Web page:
We love to try new tiny restaurants that we know the kids wouldn’t like and we get great tables instead of the large booth by the kitchen door.
10. You don’t have to share (lose) your things
Ah girls … If I brought home a nice body lotion I’d discovered, I would usually get to use it once or twice before it found it’s way into one of our daughters’ room.
Teenage girls love bright shiny objects and they like them even more if they belong to their mothers.
Sometimes they’ll come right out and tell you that the cute earrings you just bought would look better on them than on you.
Now you get to keep all the bright shiny objects for yourself.
Just make sure you hide them when they come home.
11. You don’t have to be the family chauffeur anymore
That job always fell to me because they usually needed to be taken places in the morning, after my husband left for work, or before he came home.
Drive to school, drive to a friend’s house, drive to the store, drive to practice, drive to the doctor, drive everywhere.
There are now entire days when my car stays right where I left it the day before.
You’ll love shopping again because you can take as little or as long as you like doing it.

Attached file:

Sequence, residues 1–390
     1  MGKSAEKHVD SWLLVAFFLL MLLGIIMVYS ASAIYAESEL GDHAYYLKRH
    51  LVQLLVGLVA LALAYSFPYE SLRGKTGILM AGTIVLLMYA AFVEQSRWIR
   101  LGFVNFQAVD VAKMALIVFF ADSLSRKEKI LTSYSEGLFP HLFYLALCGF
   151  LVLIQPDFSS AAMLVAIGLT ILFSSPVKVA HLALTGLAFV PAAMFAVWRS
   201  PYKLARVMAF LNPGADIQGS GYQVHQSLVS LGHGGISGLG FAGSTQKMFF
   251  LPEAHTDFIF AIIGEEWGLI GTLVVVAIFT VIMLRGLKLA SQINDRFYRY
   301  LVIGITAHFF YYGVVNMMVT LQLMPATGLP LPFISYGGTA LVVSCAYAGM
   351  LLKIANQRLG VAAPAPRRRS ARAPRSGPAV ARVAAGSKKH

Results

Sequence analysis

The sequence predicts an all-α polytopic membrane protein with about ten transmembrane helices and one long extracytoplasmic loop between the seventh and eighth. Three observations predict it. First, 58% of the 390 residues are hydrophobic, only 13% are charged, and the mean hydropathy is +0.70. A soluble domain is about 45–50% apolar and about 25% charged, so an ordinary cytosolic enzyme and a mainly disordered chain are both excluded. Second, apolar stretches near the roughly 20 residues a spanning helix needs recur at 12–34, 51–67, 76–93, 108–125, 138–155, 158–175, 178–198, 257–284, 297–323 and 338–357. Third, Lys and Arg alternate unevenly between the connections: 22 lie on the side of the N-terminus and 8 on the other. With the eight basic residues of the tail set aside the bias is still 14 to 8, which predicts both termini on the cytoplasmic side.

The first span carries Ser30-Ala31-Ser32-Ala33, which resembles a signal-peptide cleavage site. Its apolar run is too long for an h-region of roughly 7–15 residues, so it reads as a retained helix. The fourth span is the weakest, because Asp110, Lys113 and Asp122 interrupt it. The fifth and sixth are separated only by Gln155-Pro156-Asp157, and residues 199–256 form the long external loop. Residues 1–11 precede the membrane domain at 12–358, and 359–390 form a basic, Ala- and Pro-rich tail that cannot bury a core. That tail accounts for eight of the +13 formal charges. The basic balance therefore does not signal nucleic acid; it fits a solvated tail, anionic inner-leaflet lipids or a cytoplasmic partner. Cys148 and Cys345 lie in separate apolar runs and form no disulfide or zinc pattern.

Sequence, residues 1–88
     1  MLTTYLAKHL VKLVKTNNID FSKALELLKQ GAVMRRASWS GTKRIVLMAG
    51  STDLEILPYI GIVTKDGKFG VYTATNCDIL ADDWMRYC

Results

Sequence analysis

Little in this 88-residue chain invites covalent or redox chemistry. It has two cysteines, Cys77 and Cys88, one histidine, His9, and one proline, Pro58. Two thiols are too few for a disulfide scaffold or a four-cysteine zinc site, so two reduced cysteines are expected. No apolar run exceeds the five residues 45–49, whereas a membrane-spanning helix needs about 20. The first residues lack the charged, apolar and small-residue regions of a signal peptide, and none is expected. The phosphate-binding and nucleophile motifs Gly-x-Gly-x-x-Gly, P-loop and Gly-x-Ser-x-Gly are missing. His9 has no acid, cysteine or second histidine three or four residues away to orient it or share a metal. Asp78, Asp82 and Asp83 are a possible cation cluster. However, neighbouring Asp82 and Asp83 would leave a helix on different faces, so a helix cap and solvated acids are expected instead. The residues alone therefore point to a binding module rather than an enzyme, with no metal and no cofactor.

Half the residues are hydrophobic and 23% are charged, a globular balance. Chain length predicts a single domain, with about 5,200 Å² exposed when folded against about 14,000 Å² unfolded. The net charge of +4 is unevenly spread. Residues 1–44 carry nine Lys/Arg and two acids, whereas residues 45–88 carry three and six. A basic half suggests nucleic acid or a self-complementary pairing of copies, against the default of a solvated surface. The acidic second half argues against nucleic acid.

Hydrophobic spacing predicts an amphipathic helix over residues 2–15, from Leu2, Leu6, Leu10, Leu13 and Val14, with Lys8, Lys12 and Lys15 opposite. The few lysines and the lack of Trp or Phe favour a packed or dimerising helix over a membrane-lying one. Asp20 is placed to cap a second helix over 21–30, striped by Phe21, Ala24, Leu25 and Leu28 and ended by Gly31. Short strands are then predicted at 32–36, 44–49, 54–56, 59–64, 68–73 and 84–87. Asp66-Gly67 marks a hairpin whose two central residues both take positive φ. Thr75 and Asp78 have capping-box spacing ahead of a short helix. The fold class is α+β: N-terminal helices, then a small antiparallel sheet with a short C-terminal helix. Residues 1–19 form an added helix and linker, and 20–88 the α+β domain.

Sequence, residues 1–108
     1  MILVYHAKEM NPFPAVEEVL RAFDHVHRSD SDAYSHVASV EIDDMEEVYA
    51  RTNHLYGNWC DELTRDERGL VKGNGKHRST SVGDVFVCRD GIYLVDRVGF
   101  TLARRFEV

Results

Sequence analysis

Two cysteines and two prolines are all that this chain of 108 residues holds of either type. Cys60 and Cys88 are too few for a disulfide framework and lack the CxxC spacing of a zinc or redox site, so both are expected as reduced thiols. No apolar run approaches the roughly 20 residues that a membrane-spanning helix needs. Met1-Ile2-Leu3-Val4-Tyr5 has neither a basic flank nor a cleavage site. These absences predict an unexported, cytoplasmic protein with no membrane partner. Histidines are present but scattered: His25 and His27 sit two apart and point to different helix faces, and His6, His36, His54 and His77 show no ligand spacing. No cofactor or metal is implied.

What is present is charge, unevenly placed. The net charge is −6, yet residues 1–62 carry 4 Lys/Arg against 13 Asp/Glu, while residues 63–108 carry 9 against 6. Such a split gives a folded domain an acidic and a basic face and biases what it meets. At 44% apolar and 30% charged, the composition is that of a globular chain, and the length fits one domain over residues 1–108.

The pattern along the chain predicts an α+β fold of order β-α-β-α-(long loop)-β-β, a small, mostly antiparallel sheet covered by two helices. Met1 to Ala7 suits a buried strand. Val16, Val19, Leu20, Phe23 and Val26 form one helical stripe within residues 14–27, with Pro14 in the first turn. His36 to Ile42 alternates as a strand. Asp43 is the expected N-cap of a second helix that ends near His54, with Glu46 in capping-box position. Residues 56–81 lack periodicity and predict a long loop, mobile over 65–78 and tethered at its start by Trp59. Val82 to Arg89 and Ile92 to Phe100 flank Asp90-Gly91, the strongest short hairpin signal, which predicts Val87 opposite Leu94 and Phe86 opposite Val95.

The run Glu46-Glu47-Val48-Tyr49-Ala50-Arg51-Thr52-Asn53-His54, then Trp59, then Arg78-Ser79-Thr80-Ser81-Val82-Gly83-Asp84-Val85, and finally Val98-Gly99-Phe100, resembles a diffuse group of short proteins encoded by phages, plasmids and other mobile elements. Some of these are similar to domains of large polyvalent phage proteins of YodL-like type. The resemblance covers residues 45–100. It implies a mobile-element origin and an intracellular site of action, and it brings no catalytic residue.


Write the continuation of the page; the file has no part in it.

No side errands or time taken from your job or free time to shuttle kids from place to place.
You’ll get so much more accomplished and your car will stay a lot cleaner.
No cleaning out the fast food bags and drippy cups, no pulling a girls’ makeup out of the side arm pockets, no putting your shoes back on to go out when you’re exhausted from work.
12. You don’t have to complain about undone chores
You don’t have the kids around to do the chores anymore, but you’ll quickly find that even the ones you thought were a big deal aren’t at all.
The dishwasher takes two minutes to empty, laundry is a breeze, and even picking up the yard after the dog is surprisingly easy.
The jobs may all be ours but they are proportionally smaller with two people and we get them done and move on.
No more complaining, no nagging.
There are a lot of great things about being an empty nester.
Don’t get too attached to all these new freedoms, though.
If your kids are like mine, they’ll be back just about when you’ve gotten used to them.
Which, of course, is wonderful.
And which will make you appreciate your new life even more when they go back to school or their homes.